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9 December 2021
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Mexican Company Launches Blockchain-Powered COVID-19 Test Certificates

Medical services company MDS Mexico is using blockchain technology to prevent the forgery of fake COVID-19 tests in the Latin American country.

The COVID-19 crisis panic seems to be dissipating after almost two years; however, governments around the world are still searching for tools to control its expansion and allow their citizens to return to normal life.

A Mexican company is using blockchain technology to improve the reliability of COVID-19 diagnostic tests, using cryptography and the real-time auditability of the blockchain as a way to prevent counterfeiting and fraud.

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Fighting COVID-19 With Decentralized Technology

According to a report by Hispanic news outlet iProUP, medical services company MDS launched a rapid test application and interpretation service, as well as home PCR sample collection specifically designed to react to COVID-19. The results are delivered physically and digitally 24 hours later and will be certified with blockchain technology to guarantee in real-time the application of the test and the authenticity of the results.

Representation of a Digital Certificate protected with blockchain tecnhology. Image: MDS
Representation of a Digital Certificate protected with blockchain tecnhology. Image: MDS

As explained on its website, MDS produces a unique hash associated with the results of each test and generates a QR code that links to a digital certificate with personal information of the person who took the test, the results obtained, the physician responsible for administering the test and the date the test was taken.

To avoid the falsification of negative results, we began to certify the SARS-CoV-2 detection tests with blockchain technology and cryptographic signature, which protects the information in a unique, immutable, and unalterable QR Code that can be verified worldwide.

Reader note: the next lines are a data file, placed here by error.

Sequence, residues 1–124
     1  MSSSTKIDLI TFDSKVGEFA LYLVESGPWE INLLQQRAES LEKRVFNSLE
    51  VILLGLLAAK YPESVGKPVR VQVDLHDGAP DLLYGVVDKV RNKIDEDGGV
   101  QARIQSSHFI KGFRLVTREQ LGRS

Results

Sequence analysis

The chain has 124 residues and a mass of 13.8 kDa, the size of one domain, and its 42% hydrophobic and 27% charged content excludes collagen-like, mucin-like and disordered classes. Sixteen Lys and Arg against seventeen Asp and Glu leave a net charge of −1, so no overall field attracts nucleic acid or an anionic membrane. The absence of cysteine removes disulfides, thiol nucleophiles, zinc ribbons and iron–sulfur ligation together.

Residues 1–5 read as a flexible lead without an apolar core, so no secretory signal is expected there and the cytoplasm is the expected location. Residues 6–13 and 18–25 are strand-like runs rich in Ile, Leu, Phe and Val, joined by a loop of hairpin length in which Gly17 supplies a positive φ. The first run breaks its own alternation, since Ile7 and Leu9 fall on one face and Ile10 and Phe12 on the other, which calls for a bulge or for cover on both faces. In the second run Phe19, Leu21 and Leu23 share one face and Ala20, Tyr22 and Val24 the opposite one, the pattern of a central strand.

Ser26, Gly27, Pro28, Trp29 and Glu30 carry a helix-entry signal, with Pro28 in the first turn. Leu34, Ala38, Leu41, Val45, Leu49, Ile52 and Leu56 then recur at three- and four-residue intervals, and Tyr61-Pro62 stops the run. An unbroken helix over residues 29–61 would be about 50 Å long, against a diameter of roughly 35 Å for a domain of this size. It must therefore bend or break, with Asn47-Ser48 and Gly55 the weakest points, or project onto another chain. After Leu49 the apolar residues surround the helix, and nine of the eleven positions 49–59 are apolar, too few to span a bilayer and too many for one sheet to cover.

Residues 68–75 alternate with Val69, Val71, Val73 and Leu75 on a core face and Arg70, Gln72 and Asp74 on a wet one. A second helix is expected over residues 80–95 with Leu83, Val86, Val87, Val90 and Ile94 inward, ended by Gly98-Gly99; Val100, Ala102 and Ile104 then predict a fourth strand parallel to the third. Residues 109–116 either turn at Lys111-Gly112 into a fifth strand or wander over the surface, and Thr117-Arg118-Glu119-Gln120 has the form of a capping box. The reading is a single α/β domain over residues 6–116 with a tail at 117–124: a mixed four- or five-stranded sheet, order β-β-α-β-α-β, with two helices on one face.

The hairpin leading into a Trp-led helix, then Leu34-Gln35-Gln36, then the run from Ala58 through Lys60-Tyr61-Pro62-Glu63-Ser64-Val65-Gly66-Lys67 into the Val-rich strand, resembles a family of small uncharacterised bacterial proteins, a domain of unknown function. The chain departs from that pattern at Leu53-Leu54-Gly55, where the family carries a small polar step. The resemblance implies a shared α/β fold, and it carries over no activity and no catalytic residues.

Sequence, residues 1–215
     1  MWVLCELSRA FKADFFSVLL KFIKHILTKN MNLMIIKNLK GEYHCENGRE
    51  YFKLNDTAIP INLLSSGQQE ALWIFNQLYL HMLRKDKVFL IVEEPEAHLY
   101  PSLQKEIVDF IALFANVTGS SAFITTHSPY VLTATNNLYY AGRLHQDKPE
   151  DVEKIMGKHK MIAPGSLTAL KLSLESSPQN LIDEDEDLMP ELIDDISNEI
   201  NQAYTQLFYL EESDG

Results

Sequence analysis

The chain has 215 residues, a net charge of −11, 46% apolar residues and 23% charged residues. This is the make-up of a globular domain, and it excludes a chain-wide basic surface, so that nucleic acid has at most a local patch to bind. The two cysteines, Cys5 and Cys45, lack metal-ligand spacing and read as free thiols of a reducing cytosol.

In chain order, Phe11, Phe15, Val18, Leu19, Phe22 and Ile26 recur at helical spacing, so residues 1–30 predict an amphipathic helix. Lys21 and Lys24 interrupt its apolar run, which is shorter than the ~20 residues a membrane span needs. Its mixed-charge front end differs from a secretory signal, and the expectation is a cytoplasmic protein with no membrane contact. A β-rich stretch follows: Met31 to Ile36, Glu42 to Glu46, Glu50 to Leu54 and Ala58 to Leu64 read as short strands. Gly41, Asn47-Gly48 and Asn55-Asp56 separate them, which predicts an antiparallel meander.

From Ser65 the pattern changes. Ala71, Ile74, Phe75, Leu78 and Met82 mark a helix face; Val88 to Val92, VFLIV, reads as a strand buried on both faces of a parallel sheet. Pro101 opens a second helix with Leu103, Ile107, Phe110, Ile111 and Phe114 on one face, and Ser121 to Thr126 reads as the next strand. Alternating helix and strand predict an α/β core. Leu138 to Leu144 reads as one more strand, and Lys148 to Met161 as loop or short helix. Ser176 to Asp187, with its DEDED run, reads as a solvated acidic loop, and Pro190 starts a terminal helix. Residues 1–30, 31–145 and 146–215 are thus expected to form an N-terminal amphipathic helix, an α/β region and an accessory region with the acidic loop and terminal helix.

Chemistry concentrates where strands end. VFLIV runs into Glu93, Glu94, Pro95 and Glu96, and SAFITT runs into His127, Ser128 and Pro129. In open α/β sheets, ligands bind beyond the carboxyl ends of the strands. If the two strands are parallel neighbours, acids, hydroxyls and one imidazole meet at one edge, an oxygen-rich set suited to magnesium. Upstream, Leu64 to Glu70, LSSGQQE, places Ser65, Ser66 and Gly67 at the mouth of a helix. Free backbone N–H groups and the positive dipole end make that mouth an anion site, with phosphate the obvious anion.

Mexico: Pro-Blockchain, Anti-Bitcoin

Mexico is one of the Latin American countries where the application of blockchain technology has known use cases that transcend the monetary.

As an example, the local Congress of Quintana Roo in Cancun, Mexico, experimented with the implementation of the Avalanche blockchain to digitize the records of the local public administration. The project was successfully implemented in March at the cost of 600,000 Mexican pesos (USD 290,000).

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However, the week the congress decided not to renew the contract on the grounds that the use of blockchain was “overqualified” for the needs of the Legislative Branch, i.e., the costs outweighed the benefits.

Similarly, the National Chamber of Commerce (CANACO) of Querétaro, Mexico, had already announced the availability of a digital vaccination passport issued in alliance with the blockchain company Xertify, which would allow locals to digitize their physical certificates issued by the authorities after a payment of about 400 pesos.

However, when it comes to finance, the use of cryptocurrencies – especially Bitcoin – does not enjoy the same support from the authorities.

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The country’s Central Bank has already stopped an initiative by the president of Banco Azteca to offer Bitcoin compatibility, and acted against 12 cryptocurrency exchanges for being linked to criminal cartels. Even last week, the country’s president even ruled out the use of Bitcoin as legal tender.

So, at least for now, in Mexico, the financial revolution and the blockchain revolution will walk two very distant paths.

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